- Ministers Levy, Barbosa reported to quarrel over fiscal target
- Lenders fall as Moody's may cut rating on economic outlook
Brazilian stocks and the real declined amid speculation that tension between Finance Minister Joaquim Levy and Planning Minister Nelson Barbosa over fiscal policy are heating up again, adding another hurdle to passing reforms needed to shore up the budget and resume growth.
Levy is seeking a target of 0.7 percent of gross domestic product for the budget surplus before interest payments next year to restore credibility and avoid further credit-rating downgrades, a Valor Economico newspaper columnist reported Friday. Barbosa wants to lower the target to between zero and 0.7 percent, the columnist said. The dispute comes as Congress is already locked in a political stalemate amid efforts to impeach President Dilma Rousseff and as the lower-house leader faces allegations of corruption.
Markets also took a hit after Moody’s Investors Service lowered the ratings on iron-ore miner Vale SA and signaled other cuts are on the horizon. After saying, on Dec. 11, that it may reduce the nation’s sovereign credit rating to junk amid forecasts for the longest recession since the 1930s and political turmoil, Moody’s on Thursday said it would review lenders including state-controlled Banco do Brasil for downgrades.
"The political and economic situations make investors very concerned, especially considering that all the internal disputes in the government may lead to the exit of Levy, which would be horrible," Filipe Borges, a trader at the brokerage Solidez Corretora, said from Sao Paulo. "The possible downgrades for Brazilian companies just show how uncomfortable everybody is with the prospects for the country, and, then, all our assets suffer."
The Ibovespa retreated 0.8 percent to 45,262.72 in Sao Paulo, with two stocks falling for every one that rose. The real slid 1.6 percent to 3.8728 per dollar. One-month implied volatility rose to 22.75 percent, the highest since Oct. 21. The currency declined 3.1 percent this week.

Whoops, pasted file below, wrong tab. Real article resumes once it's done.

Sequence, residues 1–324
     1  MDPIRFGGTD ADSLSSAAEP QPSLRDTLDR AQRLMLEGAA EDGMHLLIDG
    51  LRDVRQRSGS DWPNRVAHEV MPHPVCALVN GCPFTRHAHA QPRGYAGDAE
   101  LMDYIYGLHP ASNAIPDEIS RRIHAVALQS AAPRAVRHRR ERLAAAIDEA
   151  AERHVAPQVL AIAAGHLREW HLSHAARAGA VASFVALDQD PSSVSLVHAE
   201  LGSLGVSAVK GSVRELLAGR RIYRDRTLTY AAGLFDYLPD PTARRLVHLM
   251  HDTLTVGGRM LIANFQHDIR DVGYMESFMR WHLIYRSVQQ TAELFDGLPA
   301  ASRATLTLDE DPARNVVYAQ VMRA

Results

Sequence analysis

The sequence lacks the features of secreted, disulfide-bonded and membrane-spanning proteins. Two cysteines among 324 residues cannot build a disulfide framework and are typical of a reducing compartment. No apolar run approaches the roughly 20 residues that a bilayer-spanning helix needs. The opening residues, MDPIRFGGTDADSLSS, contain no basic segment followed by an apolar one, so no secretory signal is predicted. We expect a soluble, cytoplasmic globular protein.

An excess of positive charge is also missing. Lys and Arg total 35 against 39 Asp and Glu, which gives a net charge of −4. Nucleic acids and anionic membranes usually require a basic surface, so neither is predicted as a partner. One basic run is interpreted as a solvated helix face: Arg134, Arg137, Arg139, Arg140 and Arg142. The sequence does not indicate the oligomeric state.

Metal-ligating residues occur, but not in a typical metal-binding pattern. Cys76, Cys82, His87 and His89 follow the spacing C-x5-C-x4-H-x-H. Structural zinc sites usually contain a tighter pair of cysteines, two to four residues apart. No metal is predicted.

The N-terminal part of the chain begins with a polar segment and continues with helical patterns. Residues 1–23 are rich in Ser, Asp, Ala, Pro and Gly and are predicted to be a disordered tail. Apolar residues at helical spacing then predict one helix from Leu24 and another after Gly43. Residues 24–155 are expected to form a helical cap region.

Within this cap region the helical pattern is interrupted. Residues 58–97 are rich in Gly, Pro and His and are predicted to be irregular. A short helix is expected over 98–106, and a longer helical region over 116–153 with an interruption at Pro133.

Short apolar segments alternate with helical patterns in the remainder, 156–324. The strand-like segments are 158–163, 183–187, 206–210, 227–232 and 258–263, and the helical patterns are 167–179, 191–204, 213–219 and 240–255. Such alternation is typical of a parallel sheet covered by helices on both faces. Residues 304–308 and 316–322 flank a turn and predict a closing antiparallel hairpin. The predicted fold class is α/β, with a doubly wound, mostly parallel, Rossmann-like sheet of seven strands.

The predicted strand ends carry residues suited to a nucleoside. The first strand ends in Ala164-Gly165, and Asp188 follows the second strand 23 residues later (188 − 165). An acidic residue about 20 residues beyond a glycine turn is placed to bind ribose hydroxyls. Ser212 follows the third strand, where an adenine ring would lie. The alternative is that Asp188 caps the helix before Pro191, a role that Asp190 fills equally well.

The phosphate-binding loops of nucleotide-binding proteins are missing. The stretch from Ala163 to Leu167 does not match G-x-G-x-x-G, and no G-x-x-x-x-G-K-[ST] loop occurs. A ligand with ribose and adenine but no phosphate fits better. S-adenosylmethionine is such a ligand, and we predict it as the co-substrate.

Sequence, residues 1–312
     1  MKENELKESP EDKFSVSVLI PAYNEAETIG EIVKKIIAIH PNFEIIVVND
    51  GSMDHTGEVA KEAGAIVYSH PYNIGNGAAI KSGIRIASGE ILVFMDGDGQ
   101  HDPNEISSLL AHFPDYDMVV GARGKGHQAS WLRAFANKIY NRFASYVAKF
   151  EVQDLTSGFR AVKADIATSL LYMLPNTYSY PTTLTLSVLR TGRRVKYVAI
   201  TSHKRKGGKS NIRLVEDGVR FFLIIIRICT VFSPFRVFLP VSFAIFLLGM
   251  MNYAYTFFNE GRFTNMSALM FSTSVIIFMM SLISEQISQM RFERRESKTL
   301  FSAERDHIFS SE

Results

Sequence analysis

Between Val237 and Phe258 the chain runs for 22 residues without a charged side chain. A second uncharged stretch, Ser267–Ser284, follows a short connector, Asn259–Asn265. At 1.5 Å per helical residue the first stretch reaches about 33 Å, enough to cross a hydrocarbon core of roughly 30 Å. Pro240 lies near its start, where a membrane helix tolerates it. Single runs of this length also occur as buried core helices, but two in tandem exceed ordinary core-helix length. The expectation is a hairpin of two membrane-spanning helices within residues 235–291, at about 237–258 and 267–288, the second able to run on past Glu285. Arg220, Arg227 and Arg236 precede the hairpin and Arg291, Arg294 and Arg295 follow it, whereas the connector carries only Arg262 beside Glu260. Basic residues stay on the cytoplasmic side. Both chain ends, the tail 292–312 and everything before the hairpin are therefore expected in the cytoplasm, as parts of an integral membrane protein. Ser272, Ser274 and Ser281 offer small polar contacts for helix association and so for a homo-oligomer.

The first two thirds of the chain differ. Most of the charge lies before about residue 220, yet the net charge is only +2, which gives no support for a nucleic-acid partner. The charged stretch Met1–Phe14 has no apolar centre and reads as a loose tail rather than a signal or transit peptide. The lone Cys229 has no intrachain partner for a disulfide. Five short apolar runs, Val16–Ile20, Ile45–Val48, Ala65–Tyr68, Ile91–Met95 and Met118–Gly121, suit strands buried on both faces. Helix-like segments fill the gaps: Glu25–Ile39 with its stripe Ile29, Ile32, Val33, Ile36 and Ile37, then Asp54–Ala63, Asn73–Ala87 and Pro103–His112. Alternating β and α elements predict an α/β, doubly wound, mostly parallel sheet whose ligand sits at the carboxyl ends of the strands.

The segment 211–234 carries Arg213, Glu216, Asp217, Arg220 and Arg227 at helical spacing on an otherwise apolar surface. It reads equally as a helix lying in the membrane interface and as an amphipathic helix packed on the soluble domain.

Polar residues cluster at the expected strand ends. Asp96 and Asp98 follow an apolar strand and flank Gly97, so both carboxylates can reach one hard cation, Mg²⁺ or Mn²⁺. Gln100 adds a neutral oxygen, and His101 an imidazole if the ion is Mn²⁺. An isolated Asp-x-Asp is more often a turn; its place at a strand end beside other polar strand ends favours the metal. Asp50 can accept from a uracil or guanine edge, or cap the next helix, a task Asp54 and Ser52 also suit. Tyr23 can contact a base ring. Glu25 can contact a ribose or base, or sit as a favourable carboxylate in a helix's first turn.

Vale slumped 3.6 percent to 9.59 reais as iron ore extended declines for a ninth week. Oil producer Petroleo Brasileiro SA followed crude lower as as decline in prices for the commodity dimmed the outlook for the company’s offshore investments.
Swap rates on the contract maturing in January 2017, a gauge of expectations for changes in Brazil’s interest rates, rose 0.01 percentage point to 15.99 percent. They have climbed 0.22 percentage point this week.
Valor and O Estado de S. Paulo newspaper also reported late Thursday that Levy is threatening to leave his post if his budget target isn’t approved, further fueling a jittery market.
“Market skepticism toward the fiscal-adjustment program is high, and losing Levy now would only add to market turbulence,” Reginaldo Siaca, a currency manager at TOV Corretora de Cambio, said from Sao Paulo. "I’ve been in this market for 40 years and have never seen a confidence crisis this severe."